The second group (Pen 2) consisted of 95 ewes, most of which were older Katahdins. Forty of these ewes (the ones in the best shape) were put on the MGA protocol in two batches of 20, 7 days apart (yes, we have a lot of gates) and injected with Folligon at the end of their respective 14-day feeding periods. The remaining 55 were exposed naturally, as they were older ewes and I really didn’t want multiples from them. As each group of MGA-programmed ewes completed their 14-day feeding period and received their shots of Folligon, they were recombined with the untreated ewes. Seven of the rams used to breed the ewes in Pen 1 were used again to breed the ewes in Pen 2.

All in all, 80 of the 153 ewes were on the full MGA/Folligon protocol, and another 18 (from Pen 1) received MGA but no Folligon.

The goal was to have 80-100 ewes lambing in the fall. We’re set up to handle around 100-120 ewes lambing at a time. Having fewer than 50 ewes lambing in a group is problematic because all of our pens house 60-75 adult ewes comfortably, and we don’t have an easy way to split a pen for more than a few weeks. The rams were in Pen 1 for 30 days and Pen 2 for 35 days. The sheep were scanned in July to confirm pregnancies, so we could adjust the feed rations accordingly.

Lambing dragged out a bit; we started in late September and finished in the first week of November. But it was okay; we’ve tried different lambing schedules over the years and lambing is just a routine activity at this point. Andrew farms full-time, so someone is always home to monitor the sheep. A wonderful side benefit of the MGA protocol is that the ewes tend to lamb during the day, making night checks very rare.

Of the 58 ewes that were exposed in Pen 1, 54 lambed, for a conception rate of 93%. All of these ewes were fed MGA, but only 40 of them were injected with Folligon. In Pen 2, 75 of the 95 ewes lambed, for a conception rate of 79%, even though only 40 of them were programmed with MGA followed by Folligon.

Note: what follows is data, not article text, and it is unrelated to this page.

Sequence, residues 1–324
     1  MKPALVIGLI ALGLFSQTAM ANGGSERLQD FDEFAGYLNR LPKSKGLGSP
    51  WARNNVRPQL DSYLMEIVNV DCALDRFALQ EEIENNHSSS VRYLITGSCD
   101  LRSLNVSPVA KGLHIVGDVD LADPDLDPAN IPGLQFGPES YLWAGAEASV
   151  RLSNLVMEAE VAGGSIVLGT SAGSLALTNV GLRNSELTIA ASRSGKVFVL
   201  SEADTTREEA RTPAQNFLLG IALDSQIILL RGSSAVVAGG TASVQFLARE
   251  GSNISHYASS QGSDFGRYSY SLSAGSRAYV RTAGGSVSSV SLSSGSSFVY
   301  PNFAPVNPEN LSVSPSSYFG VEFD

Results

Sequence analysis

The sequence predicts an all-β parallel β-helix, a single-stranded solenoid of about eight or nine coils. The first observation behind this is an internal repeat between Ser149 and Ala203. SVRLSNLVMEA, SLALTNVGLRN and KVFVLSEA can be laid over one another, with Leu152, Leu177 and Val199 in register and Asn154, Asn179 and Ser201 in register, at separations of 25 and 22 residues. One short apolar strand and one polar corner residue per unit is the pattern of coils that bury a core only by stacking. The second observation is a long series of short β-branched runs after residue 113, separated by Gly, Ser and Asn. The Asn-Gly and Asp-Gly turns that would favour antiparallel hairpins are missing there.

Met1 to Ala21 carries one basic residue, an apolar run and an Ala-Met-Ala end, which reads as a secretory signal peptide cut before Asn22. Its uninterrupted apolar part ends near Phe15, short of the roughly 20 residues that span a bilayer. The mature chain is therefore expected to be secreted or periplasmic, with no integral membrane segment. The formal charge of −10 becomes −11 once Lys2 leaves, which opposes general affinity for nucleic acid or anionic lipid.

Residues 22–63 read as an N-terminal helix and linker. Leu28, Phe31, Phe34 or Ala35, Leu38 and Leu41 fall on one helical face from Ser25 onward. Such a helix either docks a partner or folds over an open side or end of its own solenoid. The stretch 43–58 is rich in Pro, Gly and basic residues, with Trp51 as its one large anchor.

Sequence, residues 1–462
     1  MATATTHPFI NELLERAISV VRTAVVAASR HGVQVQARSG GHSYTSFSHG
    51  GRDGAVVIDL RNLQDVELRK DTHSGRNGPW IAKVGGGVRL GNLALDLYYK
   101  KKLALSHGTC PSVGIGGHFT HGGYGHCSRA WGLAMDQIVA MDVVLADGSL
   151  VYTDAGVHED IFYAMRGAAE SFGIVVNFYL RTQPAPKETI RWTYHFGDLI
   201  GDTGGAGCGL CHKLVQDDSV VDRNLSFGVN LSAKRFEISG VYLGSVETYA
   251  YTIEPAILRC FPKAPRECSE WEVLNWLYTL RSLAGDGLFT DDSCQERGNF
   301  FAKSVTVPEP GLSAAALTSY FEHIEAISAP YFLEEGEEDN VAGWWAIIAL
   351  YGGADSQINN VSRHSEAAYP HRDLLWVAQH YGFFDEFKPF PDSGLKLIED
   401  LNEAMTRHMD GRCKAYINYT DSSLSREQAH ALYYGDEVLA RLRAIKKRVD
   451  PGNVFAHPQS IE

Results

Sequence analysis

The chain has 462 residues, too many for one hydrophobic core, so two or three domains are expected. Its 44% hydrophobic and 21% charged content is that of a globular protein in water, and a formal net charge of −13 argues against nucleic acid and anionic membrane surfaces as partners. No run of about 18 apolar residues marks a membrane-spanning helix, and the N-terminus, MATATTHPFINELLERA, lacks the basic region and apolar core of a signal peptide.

The overall conception rate for all the ewes (treated and untreated), in both pens, was 84%. We therefore exceeded our goal by about 30 ewes. The ewes that didn’t lamb in the fall were re-exposed in August, unless they already had another strike against them.

Five ewes failed to deliver live lambs, or had mishaps that resulted in their lambs being fostered elsewhere, but we tagged 205 lambs from the 124 ewes that lambed successfully. We tag our lambs within 24-48 hours and track that result. Pre-tagging mortality of lambs is around 8%, which includes lambs that were mummified, aborted, or stillborn, and anything that didn’t live long enough to be tagged. Once a lamb is tagged, the odds of it surviving to be shipped or bred as a replacement are over 95%.

This works out to 1.6 tagged lambs per ewe that lambed. The ewes actually doing the raising are feeding 1.65 lambs per ewe. Pen 2 had fewer lambs on average, which we expected because the risk of a ewe needing help increases with age and most of that pen was bred naturally. We aim for two lambs per ewe, and will foster triplets if possible.

This F1 Romanov x Katahdin ewe was bred to a White Dorper ram.

Spring breeding is always a risk and we definitely did push these ewes to make this possible. Every one of them lambed last between December 2020 and February 2021. There was a bit of a hustle involved in getting them dry fast enough to flush again for re-breeding. We’re really happy with the results of these groups so far, and will definitely do large group fall lambing again in preference to summer lambing, which we dislike greatly.

At time of writing, this group has not yet been weaned, so things can still change. We’re now at just over 500 lambs tagged this year from roughly 200 ewes, with another group due just after Christmas. That group includes 65 ewes from the April lambing, the open ewes that were rebred after failing to catch for fall lambing, and the replacement ewe lambs. All in all, it’s been a good year for our sheep. Next year could be different so I’ll celebrate every success I can.

Ursina Studhalter and Andrew Bos raise commercial hair sheep near Shawville, Quebec.